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The Environmental Imagination of James Joyce

Brazeau,Robert Joseph , Gladwin,Derek

Publication Year: 2014

This collection introduces and examines the overarching ecological consciousness evinced in the writings of James Joyce. Reading Joyce with a keen attention to the manner in which the natural and built environment functions as context, horizon, threat, or site of liberation in Joyce’s writing offers an engaging and fruitful way into the dense, demanding, and usually encyclopedic formation of knowledge that comprises Joyce’s literary legacy.

Published by: Cork University Press

Cover, Back Cover

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Title Page, Copyright Page, Dedication

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pp. vii-viii


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pp. ix-x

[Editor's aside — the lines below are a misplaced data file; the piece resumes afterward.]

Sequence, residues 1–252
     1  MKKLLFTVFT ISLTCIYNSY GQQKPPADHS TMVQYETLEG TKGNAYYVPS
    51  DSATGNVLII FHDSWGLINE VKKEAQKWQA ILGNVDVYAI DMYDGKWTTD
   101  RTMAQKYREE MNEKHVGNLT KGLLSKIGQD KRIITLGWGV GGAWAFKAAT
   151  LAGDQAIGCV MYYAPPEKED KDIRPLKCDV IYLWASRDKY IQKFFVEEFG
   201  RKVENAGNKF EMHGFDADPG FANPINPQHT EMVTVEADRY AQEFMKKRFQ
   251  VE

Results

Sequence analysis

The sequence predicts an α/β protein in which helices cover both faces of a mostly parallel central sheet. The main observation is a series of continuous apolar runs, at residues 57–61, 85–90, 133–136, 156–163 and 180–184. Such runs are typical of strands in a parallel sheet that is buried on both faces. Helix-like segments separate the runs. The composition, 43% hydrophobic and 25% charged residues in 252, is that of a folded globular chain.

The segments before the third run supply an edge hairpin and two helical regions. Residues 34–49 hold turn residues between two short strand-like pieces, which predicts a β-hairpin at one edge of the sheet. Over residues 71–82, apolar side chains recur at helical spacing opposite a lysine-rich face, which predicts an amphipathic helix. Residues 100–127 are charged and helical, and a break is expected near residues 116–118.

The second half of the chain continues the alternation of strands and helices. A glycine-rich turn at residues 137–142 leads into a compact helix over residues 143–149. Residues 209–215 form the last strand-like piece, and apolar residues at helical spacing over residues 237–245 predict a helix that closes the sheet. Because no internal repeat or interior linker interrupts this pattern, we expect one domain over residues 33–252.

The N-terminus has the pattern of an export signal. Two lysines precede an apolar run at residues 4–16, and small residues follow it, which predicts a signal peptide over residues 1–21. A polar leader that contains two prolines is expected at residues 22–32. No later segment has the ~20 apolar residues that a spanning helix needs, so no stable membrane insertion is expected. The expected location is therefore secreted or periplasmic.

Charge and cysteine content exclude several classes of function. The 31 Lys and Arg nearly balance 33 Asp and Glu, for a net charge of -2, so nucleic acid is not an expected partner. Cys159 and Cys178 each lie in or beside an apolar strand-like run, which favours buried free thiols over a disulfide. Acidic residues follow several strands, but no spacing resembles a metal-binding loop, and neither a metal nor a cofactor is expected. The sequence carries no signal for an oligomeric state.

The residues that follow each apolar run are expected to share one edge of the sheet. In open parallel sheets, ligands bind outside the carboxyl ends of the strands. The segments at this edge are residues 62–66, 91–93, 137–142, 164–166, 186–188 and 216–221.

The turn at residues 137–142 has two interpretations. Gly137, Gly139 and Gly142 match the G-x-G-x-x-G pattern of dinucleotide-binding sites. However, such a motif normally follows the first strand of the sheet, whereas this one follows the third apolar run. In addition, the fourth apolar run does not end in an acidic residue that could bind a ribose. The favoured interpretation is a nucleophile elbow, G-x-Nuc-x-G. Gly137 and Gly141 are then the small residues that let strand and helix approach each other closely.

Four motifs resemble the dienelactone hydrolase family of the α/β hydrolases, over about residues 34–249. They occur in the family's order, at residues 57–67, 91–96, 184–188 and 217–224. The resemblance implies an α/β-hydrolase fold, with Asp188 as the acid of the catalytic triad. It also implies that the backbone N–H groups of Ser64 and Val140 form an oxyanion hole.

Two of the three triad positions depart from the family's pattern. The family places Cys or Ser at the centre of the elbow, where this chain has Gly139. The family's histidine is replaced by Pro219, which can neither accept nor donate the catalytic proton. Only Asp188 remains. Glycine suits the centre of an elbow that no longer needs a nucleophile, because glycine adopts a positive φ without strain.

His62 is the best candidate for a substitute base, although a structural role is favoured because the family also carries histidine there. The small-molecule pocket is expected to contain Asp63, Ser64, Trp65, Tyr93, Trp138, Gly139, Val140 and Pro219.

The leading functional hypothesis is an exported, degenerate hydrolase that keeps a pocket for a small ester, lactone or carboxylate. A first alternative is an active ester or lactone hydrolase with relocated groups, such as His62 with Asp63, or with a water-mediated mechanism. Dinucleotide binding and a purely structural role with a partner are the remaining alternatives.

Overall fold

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pp. xi-xiv

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Anne Fogarty

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pp. xv-xviii

James Joyce is first and foremost an urban writer. All of his revolutionary creations, Dubliners, A Portrait of the Artist as a Young Man, Exiles, Ulysses and Finnegans Wake, centre on Dublin, his native city. It is not simply the case that Joyce uses Dublin as a setting or imaginative backdrop; rather he conceives of it as a symbolic locale with universal import. ...

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Introduction: James Joyce and Ecocriticism

Robert Brazeau, Derek Gladwin

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pp. 1-18

This collection brings together fourteen previously unpublished essays that introduce and examine the overarching ecological consciousness evinced in the writings of James Joyce. Although Joyce is one of the most critically examined writers in the English language, and easily the most in all of Irish literature, there has never been a volume that focuses on the environmental themes found in his writings. ...

I - Nature and Environmental Consciousness in Joyce’s Fiction

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pp. 19-20

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James Joyce, Climate Change and the Threat to our ‘Natural Substance’

Fiona Becket

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pp. 21-37